In Tanzania, Clara has certainly discovered a profoundly different daily routine from hers, but at the same time a human warmth and a rhythm of life much more in harmony with nature. “They never get angry and always smile. The most fascinating thing is undoubtedly the culture of greeting. When two people meet, although it is not the first time during the day, they greet each other in a very articulate way. Physicality is also particularly sought after. When you introduce yourself, you say hello by hugging or holding hands for a long time."
In Tanzania, everything is done 'pole pole', that is 'slowly', with peace of mind. “Life is faced day by day. If you try to make plans, 99% of them fail. Not being used to organizing in advance, it is quite common to have problems and wait, even for hours or days. Their relationship with time is fascinating, starting from the way the hour is calculated. Near the equator, the daylight hours are around twelve throughout the year. Their hour 1 corresponds to the first hour of light and therefore to 7 in the morning, the second hour to 8, and so on. This created quite a few misunderstandings for me, especially when I wanted to buy bus tickets and understand what time I had to leave."

Travels in this area are not easy at all. The main means are buses, on which the maximum amount of passengers is always reached and often exceeded, since children are not counted. During the trips, usually very long, some stops are made to buy food through the windows. "You can find all sorts of food, once I even saw it selling fried crickets," says Clara. "And when you go to areas near the lakes, the driver picks up a woman selling fried fish on the bus."

In this unusual but stimulating context, Clara found herself having to bring together her skills, gained over years of study and academic commitment, with the local reality. "My research activity involved taking blood from twelve villages and analyzing the samples in the laboratory. In the first period, when the reagents for the analyzes had not yet arrived, I helped the association in the management of a FARE project, thanks to which it was possible to open some dairy plants. In mid-July I then started my own project," Clara recalls those days, as she tells of her small team made up of a local veterinarian, Dixon, an Italian girl who studied animal production, Anna, a representative of the regional veterinary office of Tanzania, Nelson, and their driver, Fanueli. "For twelve days, our task was to go around, village by village, in order to collect the blood of the cows that the breeders made available to us."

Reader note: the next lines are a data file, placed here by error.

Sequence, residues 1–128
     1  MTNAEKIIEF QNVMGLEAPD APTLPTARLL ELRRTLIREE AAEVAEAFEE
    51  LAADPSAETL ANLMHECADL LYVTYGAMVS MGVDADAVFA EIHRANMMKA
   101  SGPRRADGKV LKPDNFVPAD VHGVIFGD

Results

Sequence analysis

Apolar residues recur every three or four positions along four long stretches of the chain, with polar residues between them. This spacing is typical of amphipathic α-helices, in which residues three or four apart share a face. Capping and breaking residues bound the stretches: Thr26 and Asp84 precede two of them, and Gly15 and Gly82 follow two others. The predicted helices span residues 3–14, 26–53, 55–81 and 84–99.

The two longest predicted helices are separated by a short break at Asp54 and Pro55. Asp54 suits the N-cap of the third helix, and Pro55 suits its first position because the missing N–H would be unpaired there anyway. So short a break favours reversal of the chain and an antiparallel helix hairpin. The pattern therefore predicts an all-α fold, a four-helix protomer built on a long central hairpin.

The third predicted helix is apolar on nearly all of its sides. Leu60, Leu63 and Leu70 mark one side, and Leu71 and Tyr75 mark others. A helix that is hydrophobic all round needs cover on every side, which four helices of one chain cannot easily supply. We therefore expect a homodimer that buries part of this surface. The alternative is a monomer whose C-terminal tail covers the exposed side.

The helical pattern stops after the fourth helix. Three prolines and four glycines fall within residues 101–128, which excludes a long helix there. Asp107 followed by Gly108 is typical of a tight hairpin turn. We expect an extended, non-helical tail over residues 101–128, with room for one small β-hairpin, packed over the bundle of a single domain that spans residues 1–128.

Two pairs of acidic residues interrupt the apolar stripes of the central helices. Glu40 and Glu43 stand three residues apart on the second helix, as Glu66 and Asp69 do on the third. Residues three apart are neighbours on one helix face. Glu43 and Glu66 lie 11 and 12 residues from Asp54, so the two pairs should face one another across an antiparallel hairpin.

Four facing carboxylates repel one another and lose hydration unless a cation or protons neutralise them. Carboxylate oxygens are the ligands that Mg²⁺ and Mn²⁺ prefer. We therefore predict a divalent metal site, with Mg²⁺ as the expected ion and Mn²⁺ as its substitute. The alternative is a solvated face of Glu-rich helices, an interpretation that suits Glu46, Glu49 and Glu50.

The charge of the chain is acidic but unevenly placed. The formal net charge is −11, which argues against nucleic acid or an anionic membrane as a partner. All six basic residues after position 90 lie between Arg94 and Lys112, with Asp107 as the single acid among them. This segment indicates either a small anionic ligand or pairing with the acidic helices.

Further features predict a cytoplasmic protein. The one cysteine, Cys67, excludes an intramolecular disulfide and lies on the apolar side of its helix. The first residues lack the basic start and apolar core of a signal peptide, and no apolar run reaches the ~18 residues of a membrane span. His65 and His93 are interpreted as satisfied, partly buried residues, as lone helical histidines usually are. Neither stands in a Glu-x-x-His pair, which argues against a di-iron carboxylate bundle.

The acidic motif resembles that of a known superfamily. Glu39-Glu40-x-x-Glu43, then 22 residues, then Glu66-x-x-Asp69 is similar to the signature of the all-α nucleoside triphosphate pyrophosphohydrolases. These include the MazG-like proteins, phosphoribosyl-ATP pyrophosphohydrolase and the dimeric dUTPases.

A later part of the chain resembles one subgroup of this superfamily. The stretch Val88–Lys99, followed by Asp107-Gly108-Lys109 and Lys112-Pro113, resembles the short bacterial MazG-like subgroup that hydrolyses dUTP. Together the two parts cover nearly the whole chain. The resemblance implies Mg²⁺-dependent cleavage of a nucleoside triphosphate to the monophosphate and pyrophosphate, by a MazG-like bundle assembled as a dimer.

The farmers were 'educated' before the delegation visited them, in order to understand the importance of the activity. "Almost all breeders have no education, few know how to read and write. For this reason, and to avoid misunderstandings, it was essential to explain to them what we were doing. It was not uncommon for someone to associate us with witchcraft or to think that after our intervention the animals could have died, or that the blood could serve us for some kind of economic gain.
During the sampling activity, I also submitted to the breeders a questionnaire that I had prepared in Italy with the help of my thesis supervisor, Professor Alessandra Scagliarini (Vice Rector of International Relations of the University of Bologna, ed.), and then translated into Swahili once arrived in Tanzania. It was not easy to find someone who was able to speak English and my Swahili, not very understandable, was often a source of great hilarity among those present."

Clara admits that during the three months spent in Tanzania the ups and downs were numerous, but it was precisely the difficulties that made her grow and mature as a person and as a professional. "Seeing the impact that what you do can have in a place where the need for your skills is almost extreme, gives you the true measure of how much the 'mission' you have chosen for your life is worth all the sacrifices. Past, present and future. Thanks to Field Work and the University of Bologna for this awareness."

Anyone who can handle an oar always finds a place in a canoe. (proverb of Tanzania)